Bin Laden's anti-American message tapped into a deep yearning in some parts of the Muslim world to confront more secular Western societies, as well as the corrupt regimes and royal families the United States backs in the Middle East.

Bin Laden was born March 10, 1957, in Riyadh, the Saudi capital. His father, Mohammed bin Laden, who hailed from the unforgiving terrain of neighboring Yemen, was a legendary construction magnate. As a boy, bin Laden grew up in a wealthy family, on the fringes of the royal court in Saudi Arabia.

Mohammed, the father, had endeared himself to King Saud in the early 1950s and built a strong relationship with Saud's brother, Prince Faisal. Mohammed bin Laden's company eventually became known as "the king's private contractor."

A devout man, Mohammed was given the honor of renovating and repairing three of Islam's holiest sites - the mosques in Mecca and Medina in Saudi Arabia and Al Aqsa in Jerusalem.

Osama - the name means "young lion" - was the 17th son of Mohammed, who sired more than 50 children with at least five wives. By many accounts he was doted upon by his mother, his father's youngest wife, who was of Syrian descent.

Mohammed bin Laden died in a plane crashed when Osama was 10. But Osama came of age surrounded by brothers and uncles and cousins who ran the family's construction empire.

The bin Laden family developed close ties with the United States, where several relatives resided in New Jersey and in the Boston area. Harvard University at one point had a fellowship in Islamic architecture in the family's name. The family's long-time connections to the Bush political dynasty was famously documented in books and films in the aftermath of Sept. 11.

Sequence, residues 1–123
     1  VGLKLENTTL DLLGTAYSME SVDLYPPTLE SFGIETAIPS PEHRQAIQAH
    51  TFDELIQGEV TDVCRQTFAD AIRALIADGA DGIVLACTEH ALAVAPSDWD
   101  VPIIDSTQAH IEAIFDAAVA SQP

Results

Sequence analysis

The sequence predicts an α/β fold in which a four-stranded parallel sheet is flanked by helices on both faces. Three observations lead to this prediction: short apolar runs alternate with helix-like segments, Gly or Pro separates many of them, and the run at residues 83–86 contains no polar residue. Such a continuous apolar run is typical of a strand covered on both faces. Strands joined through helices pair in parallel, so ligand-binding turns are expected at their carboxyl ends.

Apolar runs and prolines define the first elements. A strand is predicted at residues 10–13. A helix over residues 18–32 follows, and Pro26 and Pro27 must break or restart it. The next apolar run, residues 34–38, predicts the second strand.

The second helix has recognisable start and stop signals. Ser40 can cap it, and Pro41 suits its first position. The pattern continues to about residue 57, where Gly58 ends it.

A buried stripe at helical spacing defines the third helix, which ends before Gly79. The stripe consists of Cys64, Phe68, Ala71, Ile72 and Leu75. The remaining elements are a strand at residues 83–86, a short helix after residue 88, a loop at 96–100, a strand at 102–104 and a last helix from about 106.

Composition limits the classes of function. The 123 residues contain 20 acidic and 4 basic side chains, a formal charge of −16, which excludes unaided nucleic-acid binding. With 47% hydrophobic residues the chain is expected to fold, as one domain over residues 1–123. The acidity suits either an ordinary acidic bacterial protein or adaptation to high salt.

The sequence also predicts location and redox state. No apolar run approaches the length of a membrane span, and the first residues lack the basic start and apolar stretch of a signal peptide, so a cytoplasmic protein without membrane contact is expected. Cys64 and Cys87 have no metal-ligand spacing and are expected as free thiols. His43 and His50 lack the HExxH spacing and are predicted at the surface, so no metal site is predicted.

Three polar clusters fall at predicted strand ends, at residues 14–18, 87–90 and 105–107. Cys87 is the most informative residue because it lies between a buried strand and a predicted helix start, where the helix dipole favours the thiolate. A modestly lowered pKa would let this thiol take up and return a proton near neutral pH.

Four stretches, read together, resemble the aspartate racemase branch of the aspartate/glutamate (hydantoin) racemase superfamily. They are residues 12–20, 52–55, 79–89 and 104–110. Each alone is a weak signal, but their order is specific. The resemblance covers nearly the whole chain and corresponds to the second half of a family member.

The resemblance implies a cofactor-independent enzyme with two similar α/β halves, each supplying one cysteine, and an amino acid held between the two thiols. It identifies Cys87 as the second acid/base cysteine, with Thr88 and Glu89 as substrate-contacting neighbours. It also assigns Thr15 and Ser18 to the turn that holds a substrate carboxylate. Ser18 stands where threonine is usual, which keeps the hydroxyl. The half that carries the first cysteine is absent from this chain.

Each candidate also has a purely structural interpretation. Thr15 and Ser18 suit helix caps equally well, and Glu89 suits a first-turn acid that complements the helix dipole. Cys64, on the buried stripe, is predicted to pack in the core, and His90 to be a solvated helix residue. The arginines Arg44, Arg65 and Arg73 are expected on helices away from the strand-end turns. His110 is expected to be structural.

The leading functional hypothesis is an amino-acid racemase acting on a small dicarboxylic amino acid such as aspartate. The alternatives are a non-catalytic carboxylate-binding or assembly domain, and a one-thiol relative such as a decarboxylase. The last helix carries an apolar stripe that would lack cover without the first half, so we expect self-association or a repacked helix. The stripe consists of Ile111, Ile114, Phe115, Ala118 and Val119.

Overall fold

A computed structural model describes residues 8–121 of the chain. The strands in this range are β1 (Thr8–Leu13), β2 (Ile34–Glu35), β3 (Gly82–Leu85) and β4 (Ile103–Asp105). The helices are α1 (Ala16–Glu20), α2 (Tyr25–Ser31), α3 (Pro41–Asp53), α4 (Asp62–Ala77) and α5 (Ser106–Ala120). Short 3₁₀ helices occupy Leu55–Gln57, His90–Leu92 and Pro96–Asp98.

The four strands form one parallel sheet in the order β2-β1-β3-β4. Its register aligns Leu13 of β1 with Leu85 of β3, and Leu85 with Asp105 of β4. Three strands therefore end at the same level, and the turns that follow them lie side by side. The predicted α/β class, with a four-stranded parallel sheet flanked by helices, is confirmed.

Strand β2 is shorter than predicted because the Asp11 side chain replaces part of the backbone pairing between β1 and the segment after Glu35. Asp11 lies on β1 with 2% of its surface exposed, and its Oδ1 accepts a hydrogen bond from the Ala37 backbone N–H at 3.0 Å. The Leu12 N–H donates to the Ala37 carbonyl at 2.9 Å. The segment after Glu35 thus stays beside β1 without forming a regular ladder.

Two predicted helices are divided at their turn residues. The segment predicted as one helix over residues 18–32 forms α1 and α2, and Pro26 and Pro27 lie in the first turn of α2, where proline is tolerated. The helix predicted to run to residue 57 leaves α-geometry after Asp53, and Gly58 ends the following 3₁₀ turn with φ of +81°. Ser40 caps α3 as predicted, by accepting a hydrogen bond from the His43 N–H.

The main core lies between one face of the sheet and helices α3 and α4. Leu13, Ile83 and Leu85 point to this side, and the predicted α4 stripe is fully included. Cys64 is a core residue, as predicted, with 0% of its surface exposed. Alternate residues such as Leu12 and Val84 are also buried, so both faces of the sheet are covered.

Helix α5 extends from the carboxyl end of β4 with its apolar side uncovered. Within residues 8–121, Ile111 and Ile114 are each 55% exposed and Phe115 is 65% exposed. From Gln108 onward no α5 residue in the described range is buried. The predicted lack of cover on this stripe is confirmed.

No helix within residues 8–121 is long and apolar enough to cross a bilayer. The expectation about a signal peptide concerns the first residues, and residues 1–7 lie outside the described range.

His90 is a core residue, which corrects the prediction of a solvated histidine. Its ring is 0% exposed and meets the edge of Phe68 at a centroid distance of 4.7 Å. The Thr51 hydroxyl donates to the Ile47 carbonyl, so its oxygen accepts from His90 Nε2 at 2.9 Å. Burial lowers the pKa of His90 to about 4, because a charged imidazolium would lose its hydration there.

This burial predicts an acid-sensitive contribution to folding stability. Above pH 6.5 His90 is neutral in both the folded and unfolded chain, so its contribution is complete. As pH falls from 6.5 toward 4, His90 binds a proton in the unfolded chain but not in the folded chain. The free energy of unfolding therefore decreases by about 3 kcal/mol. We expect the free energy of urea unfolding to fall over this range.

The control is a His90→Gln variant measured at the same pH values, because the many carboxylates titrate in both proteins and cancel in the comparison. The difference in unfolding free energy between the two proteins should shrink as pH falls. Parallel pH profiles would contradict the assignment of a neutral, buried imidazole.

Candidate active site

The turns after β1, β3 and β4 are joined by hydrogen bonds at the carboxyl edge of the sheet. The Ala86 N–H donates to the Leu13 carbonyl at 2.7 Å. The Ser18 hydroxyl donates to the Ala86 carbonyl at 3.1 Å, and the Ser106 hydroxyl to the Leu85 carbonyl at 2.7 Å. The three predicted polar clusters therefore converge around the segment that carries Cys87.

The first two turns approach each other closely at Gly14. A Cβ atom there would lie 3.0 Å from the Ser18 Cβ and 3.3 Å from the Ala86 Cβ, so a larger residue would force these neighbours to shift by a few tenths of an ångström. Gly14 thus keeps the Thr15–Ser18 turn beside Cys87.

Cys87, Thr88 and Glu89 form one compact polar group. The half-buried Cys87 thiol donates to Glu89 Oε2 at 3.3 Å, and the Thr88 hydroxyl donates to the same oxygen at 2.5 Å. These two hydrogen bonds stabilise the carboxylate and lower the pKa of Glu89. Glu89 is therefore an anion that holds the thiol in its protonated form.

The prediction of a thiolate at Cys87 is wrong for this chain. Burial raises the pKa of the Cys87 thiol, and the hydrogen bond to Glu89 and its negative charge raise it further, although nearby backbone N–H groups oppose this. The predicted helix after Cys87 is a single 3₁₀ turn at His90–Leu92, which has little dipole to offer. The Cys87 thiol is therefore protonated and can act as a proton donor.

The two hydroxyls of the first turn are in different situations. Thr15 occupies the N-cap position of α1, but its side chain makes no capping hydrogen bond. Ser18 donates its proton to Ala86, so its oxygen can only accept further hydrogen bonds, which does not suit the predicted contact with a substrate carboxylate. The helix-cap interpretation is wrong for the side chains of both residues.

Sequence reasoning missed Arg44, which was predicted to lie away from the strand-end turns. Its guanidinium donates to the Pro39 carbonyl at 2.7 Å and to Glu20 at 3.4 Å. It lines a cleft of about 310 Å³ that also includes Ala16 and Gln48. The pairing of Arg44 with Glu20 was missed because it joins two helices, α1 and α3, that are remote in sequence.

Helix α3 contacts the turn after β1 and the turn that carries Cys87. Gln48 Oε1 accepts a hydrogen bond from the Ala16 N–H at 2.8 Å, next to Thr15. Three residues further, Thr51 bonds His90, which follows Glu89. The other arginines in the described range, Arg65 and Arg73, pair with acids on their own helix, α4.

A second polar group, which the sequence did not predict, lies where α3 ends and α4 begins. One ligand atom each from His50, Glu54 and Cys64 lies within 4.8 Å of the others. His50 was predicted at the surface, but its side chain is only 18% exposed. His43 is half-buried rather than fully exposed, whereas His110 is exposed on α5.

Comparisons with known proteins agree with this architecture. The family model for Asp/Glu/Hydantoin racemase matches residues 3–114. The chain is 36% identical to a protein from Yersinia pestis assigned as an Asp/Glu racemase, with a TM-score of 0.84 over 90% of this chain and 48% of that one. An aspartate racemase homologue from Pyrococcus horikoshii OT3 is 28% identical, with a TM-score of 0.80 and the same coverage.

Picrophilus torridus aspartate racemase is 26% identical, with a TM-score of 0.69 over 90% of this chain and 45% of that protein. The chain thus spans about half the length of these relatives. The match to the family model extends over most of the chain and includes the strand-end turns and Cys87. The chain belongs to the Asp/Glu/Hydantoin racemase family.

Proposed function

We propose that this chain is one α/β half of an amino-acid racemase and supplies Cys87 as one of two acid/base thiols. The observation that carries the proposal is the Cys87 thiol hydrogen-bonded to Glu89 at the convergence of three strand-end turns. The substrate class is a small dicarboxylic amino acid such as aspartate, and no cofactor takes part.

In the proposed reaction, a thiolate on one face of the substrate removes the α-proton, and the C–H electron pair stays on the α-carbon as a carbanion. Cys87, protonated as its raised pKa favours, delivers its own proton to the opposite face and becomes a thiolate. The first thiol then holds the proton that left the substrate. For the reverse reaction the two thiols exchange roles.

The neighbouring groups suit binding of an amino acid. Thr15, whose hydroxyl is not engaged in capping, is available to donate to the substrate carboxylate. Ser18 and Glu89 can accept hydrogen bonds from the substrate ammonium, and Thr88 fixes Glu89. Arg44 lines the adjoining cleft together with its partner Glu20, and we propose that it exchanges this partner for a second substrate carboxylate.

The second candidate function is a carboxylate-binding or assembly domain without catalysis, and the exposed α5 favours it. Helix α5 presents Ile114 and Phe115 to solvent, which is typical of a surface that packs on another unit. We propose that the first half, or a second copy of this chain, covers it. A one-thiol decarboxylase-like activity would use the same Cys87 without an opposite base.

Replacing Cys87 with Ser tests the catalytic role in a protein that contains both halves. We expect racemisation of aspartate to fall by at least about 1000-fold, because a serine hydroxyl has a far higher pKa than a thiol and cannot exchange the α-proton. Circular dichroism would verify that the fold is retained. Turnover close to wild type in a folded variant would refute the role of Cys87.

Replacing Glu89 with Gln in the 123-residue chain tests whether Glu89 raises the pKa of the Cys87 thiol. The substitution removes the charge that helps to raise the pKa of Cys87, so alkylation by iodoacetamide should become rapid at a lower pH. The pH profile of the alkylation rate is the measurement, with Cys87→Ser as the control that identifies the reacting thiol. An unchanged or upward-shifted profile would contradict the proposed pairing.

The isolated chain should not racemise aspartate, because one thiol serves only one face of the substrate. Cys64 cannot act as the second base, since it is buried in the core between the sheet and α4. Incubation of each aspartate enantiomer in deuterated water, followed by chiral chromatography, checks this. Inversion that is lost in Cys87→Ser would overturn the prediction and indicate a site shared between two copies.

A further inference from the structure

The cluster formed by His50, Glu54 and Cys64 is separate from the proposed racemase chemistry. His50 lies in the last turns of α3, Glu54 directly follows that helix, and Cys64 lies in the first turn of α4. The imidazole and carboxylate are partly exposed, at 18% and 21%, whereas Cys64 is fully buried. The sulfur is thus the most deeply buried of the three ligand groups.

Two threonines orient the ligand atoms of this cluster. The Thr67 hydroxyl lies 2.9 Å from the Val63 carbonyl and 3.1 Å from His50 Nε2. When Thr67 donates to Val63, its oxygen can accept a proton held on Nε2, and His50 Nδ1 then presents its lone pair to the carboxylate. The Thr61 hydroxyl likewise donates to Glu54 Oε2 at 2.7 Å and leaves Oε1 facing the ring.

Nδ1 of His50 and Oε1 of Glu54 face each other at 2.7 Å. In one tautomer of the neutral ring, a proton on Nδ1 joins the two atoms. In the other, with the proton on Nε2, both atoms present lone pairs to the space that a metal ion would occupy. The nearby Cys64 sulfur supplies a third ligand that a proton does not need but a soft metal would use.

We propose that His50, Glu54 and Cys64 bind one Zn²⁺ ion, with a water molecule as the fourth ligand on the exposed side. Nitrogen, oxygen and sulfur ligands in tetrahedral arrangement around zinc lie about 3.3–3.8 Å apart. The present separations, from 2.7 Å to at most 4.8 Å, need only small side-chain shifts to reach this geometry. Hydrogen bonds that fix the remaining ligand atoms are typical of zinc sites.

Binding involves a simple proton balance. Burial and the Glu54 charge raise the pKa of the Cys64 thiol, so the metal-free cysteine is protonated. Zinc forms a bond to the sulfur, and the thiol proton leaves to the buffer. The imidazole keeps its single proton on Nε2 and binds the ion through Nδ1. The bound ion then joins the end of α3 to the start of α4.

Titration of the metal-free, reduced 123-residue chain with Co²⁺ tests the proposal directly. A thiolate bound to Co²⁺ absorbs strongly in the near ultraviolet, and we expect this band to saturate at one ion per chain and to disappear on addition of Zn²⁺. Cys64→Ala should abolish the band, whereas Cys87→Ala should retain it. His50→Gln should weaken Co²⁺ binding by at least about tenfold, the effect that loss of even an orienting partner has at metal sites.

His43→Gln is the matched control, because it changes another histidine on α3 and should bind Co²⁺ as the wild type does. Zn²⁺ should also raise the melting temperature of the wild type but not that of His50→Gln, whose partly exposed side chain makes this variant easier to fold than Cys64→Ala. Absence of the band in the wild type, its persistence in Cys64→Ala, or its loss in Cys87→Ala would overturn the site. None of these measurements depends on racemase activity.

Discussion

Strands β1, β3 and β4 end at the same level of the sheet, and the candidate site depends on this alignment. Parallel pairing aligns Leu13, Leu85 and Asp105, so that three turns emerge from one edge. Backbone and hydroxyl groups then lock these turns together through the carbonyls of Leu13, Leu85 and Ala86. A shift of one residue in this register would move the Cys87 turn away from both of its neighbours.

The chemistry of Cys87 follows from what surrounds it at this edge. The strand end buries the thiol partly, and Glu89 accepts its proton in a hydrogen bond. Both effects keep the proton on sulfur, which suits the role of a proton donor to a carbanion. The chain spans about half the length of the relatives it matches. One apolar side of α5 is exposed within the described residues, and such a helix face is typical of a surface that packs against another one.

For the young Osama bin Laden, 1979 was a pivotal year in the development of his ideology. In January, the pro-Western Shah of Iran went into exile. The next month the Shi'ite leader Ayatollah Khomeini returned from exile to put his blessing on a revolutionary theocracy.

And in November 1979, radical Islamic students stormed the US Embassy and took 62 Americans hostage.

In December of the same year, the Soviet Union invaded Afghanistan in a Cold War-era operation that a few years later would draw bin Laden into action.

At this time of great ferment, bin Laden was attending King Abdul Aziz University in the coastal Saudi city of Jeddah. It was here that he was first exposed to the ideas of militant clerics who preached fiery rhetoric and wrote pamphlets on the call to jihad, the Arabic word for "holy war." Among the clerics were Abdullah Azzam and Muhammad Qutb, the brother of Sayyid Qutb, the author of one of the seminal tracts of the jihadist movement.

In the early 1980s, bin Laden headed to Pakistan to meet with the Afghan resistance leaders and answered the call to jihad against the Soviet Union's military occupation of Afghanistan, a war in which more than a million Afghans were killed.

Bin Laden arrived with cash and experience in demolition and operating heavy machinery, skills acquired working for his father's construction company. He traveled between Saudi Arabia and Pakistan raising money for the Afghan resistance.

He brought into the conflict hundreds of tons of construction machinery - from bulldozers and dump trucks to tunneling equipment - to build roads and the vast network of bunkers and tunnels. These would become subterranean command centers for the mujahideen, and later hideouts for bin Laden when he widened the jihad against the United States.

In 1984, he established a kind of dormitory in Peshawar resistance fighters on their way into Afghanistan. It was there that he made the contacts with fighters from disparate Islamic militant movements fighting against oppressive rulers throughout the Arab world.